Since the doors to Symphony Hall first opened in 1972, millions of people have crossed the venue's welcoming threshold into a cultural and performance icon integral to the Valley's arts landscape.
It's now a new era for this very-popular venue with the recent completion of an extensive $18.5 million renovation and expansion.
The multi-purpose Symphony Hall, home to The Phoenix Symphony, Arizona Opera and Ballet Arizona. is also the site for Broadway touring companies, a variety of dance productions, and appearances by popular entertainers, as well as the location for business seminars, and convention general sessions.
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Architectural and Technical Features
Symphony Hall now features 2,312 chairs with wood bases for better acoustics.
Reconfigured main-floor cross aisles, additional elevators and a new wheelchair seating section greatly improve accessibility for patrons with disabilities and updates compliance with the Americans with Disabilities Act.
Stage and Sound
There is a 60 foot x 100 foot stage area, high technology acoustical, lighting, rigging and sound systems, a Green Room, rehearsal hall and star, chorus and musicians dressing rooms.
Other Special Features
Symphony Hall now includes a 2,652 square foot lobby expansion; new, larger ticket office and new lobby entrances for easier auditorium access. New elevators on each side of the lobby make access easier as well.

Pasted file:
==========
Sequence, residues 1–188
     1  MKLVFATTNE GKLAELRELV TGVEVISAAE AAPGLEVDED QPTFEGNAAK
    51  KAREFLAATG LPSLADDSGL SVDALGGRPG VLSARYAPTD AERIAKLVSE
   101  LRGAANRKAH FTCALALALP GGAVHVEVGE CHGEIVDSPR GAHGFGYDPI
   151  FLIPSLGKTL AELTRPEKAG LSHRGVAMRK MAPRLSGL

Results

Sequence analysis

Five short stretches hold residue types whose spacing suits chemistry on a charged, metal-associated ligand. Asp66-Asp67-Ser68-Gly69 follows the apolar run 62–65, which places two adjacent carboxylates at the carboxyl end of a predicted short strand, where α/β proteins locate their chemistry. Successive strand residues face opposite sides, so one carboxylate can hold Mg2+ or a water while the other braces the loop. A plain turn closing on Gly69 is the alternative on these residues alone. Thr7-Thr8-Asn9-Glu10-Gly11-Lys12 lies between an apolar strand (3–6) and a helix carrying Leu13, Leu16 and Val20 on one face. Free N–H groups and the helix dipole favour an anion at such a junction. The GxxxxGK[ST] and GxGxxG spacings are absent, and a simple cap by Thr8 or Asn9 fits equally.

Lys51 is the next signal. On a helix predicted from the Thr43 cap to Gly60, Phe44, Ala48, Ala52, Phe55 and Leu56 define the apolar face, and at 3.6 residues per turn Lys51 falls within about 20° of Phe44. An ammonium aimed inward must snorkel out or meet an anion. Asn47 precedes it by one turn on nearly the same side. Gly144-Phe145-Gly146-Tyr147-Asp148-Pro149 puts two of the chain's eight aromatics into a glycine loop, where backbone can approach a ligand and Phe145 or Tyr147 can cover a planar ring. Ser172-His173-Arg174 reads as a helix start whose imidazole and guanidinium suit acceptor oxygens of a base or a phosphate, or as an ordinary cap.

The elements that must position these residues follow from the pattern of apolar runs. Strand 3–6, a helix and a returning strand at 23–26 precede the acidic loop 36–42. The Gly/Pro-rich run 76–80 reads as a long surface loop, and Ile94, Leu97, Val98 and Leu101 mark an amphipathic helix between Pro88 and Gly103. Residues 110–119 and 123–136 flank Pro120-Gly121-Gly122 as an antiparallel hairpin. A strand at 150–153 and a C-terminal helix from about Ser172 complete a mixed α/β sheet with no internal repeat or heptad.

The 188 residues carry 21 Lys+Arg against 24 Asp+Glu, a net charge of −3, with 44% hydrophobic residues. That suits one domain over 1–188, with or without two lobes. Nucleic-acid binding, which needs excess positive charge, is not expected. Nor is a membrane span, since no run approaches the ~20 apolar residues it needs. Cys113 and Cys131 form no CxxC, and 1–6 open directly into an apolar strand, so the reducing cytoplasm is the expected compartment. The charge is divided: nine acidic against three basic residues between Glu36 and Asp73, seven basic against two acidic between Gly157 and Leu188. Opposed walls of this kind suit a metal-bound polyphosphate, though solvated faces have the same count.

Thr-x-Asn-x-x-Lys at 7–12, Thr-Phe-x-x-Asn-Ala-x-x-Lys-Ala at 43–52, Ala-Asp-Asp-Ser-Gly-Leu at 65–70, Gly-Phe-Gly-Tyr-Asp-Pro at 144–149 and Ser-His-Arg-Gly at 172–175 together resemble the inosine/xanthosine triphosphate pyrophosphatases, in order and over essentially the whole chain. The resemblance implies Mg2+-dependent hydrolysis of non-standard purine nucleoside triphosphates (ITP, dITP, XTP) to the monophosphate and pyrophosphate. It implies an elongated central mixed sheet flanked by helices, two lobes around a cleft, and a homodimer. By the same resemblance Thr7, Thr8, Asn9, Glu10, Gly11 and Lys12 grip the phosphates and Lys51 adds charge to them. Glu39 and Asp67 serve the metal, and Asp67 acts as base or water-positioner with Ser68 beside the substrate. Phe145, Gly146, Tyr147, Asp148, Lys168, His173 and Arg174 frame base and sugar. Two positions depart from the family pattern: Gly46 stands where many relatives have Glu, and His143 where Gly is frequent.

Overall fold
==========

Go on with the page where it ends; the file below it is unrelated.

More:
New, lighter wood panels of ash, read oak, European ash and European steamed birch are featured through the venue, along with new carpeting, custom-designed for Symphony Hall.
Symphony Hall's intimate art collection is of international significance. The pieces are all gifts from interested and generous residents of Phoenix and include, among others:
- Venetian Light Sculputres - Hand-blown glass chandeliers designed by Robert Weymers of Beverly Hills, California and created by Barovier and Toso on the Venetian island of Murano.
- Four Tapestries - Each 20 feet long and 8 feet wide, hung on angular walls in each corner of the lobby. Designed by David Chethlahe Paladin of Prescott, Arizona and modeled after Navajo sand paintings. Woven of Argentine wool by artisans at Teji dos Artisticos in Mexico City, representing a renewal of understanding of the interlocking elements of two cultures.
- The Grand Drape - The largest piece of machine-made embroidery in the world. Designed by Jack Lenor Larsen, considered the dean of modern fabric design, the warm, striking colors symbolize rebirth, an appropriate description of the renovated Symphony Hall.